Threat to third Fukushima nuke reactor

Battle to cool core with seawater


Updated The Tokyo Electric Power Co (TEPCO) is pumping seawater through two ailing reactors at the Fukushima Daiichi (Fukushima No 1) nuclear plant in an attempt to cool radioactive materials in the plant, while simultaneously attempting to prevent an explosion in a third.

Cooling of the reactors was disrupted by Friday's 9.0 earthquake (more details here), and although they were shut down, began to overheat. On Saturday, an explosion in the No. 1 reactor destroyed the external structure but left the steel containment vessel intact.

Early this morning, a hydrogen explosion rocked the No. 3 reactor, but once again the containment vessel held. Plant workers have since battled to maintain an emergency supply of seawater flowing around the rods, with the supply cut off for a couple of hours earlier today "due to the shortage of water left in tanks". The concern is that if the fuel rods are not sufficiently cooled, they could melt the container that houses the core.

At around 7:30 GMT this morning, Kyodo news agency reported that the top of the fuel rods in No 2 reactor were "about to be above cooling water", and that the government would do its "best" to prevent another explosion - again by pumping seawater through the reactor.

National strategy minister Koichiro Genba assured there was "no possibility" of a Chernobyl-style disaster, according to local media. Dr Philip Lloyd, a nuclear physicist at Cape Town's Enery Research Institute, told the BBC's World Service that the explosions were "a matter of great concern", but "seen against the totality of the disaster that Japan is facing, I think things are standing up extremely well".

He added: "This is exactly the same as happened at Three Mile Island, when we had a meltdown there but radiation was contained. It seems in this particular case the reactors withstood the seismic event extremely well."

The government has evacuated over 200,000 people from the 20km exclusion zone around Fukushima Daiichi, although there are still "about 475 people in hospitals and nursing care facilities within the radius". Twenty-two people are confirmed to have suffered radiation contamination following Saturday's blast, with as many as 190 exposed.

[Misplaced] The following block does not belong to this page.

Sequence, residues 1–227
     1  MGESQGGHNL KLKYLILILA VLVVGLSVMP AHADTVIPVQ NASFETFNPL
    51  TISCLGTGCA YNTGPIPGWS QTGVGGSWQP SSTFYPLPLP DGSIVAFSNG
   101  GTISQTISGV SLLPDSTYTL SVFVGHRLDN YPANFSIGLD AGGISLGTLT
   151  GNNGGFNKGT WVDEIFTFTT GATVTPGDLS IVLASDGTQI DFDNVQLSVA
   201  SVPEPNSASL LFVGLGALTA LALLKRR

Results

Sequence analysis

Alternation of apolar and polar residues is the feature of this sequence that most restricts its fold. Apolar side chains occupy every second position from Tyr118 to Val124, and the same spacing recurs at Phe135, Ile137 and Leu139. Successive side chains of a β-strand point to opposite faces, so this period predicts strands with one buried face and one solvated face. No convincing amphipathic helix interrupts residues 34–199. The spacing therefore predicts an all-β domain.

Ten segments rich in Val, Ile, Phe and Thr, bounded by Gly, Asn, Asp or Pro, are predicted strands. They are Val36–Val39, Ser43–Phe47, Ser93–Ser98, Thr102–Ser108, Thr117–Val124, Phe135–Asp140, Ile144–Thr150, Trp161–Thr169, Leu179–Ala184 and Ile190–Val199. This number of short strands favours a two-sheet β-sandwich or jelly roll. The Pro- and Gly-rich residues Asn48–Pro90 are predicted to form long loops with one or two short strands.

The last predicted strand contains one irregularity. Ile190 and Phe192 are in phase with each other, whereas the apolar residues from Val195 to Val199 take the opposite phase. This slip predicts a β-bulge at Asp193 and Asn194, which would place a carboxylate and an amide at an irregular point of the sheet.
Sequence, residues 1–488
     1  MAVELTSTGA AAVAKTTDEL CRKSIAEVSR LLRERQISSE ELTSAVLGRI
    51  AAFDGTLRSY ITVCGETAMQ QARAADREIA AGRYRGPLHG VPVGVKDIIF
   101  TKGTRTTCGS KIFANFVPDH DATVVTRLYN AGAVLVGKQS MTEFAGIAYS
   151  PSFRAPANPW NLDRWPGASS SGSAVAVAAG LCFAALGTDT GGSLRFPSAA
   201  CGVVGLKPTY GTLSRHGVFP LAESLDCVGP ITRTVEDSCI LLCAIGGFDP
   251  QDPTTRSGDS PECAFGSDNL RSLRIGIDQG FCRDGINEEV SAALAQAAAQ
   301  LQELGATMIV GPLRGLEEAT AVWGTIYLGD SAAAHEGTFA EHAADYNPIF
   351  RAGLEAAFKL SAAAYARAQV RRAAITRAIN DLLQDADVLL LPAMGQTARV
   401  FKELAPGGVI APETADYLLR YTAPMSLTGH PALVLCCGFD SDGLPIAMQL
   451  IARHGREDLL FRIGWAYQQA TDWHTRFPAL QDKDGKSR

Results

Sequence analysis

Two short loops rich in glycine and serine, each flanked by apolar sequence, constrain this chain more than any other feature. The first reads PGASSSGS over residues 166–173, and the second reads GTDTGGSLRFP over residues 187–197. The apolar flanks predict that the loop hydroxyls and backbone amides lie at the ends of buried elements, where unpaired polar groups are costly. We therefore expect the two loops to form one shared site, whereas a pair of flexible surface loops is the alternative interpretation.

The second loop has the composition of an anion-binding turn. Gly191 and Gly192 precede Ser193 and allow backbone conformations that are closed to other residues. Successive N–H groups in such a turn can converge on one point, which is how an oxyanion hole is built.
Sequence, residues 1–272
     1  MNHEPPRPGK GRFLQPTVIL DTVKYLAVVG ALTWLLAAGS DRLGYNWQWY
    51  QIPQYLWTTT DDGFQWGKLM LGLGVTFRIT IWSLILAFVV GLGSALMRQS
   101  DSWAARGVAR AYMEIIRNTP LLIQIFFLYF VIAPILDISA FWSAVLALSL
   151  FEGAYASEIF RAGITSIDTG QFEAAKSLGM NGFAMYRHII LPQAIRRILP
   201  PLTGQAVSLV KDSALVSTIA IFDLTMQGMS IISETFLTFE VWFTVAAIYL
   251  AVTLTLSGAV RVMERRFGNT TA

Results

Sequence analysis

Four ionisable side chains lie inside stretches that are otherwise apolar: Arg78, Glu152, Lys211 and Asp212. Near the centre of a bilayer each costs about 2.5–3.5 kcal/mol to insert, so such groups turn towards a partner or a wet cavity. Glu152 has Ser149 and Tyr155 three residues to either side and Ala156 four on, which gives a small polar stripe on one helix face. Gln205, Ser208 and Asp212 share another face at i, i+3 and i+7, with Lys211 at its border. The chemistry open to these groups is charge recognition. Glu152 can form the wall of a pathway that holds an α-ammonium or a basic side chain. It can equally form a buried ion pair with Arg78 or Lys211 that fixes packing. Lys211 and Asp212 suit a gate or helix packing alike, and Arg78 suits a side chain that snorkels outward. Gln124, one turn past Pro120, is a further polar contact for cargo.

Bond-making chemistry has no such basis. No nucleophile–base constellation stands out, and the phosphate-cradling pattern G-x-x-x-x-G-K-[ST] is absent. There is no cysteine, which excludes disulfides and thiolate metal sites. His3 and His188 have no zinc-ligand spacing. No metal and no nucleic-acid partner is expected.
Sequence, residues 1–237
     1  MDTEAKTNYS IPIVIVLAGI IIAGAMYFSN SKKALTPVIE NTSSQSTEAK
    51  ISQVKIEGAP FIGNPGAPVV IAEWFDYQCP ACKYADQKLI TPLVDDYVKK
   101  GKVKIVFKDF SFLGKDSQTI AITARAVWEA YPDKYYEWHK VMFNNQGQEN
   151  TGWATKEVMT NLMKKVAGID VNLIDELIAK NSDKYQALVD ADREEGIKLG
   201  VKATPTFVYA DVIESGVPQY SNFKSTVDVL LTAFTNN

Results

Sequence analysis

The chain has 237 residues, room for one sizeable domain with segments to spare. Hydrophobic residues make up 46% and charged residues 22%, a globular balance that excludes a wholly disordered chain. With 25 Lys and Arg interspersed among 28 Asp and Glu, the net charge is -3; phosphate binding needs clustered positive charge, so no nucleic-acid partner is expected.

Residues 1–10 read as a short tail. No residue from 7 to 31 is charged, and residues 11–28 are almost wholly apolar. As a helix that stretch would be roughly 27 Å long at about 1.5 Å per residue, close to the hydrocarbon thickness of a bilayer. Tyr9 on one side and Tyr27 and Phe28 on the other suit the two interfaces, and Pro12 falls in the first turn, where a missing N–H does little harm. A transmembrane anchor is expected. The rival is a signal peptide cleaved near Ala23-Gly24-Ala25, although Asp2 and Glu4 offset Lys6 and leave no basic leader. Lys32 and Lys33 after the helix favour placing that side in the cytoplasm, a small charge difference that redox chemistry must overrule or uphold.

Quite how much radiation was leaked by the explosions is unclear.

Kyodo reports: "On Monday, radiation at the plant's premises rose over the benchmark limit of 500 micro sievert per hour at two locations, measuring 751 micro sievert at the first location at 2:20 a.m. and 650 at the second at 2:40am, according to the report.

"The hourly amounts are more than half the 1,000 micro sievert to which people are usually exposed in one year.The maximum level detected so far around the plant is 1,557.5 micro sievert logged Sunday."

The US's aircraft carrier USS Ronald Reagan, which had been assisting rescue efforts from a position around 100 miles east of Fukushima, moved "away from the downwind direction of the plant" after it detected "low-level" radiation.

7th Fleet commander Jeff Davis elaborated: "The maximum potential radiation dose received by any ship's force personnel aboard the ship when it passed through the area was less than the radiation exposure received from about one month of exposure to natural background radiation from sources such as rocks, soil, and the sun." ®

Update

TEPCO said at around 08:30 GMT that No 1 and No 2 reactors had "pulled out of emergency". However, at just before 12:00 GMT, Kyodo noted: "Steam being released at No. 2 reactor of Fukushima nuke plant."

An hour before, news reports suggested the water inside the reactor had evaporated, before Kyodo said TEPCO had managed to raise the level to 30cm. The operator admitted the fuel rods were damaged, but ruled an explosion "unlikely".

Kyodo reports: "Fuel rods at the quake-hit Fukushima No. 1 nuclear power plant's No. 2 reactor were fully exposed at one point after its cooling functions failed, the plant operator said Monday, indicating the critical situation of the reactor's core beginning to melt due to overheating.

"The rods were exposed as a fire pump to pour seawater into the reactor to cool it down ran out of fuel, Tokyo Electric Power Co. said. The firm had reported the loss of cooling functions as an emergency to the government."

TEPCO is examining the possibility of "opening a hole in the wall of the building that houses the reactor to release hydrogen" and prevent an explosion.

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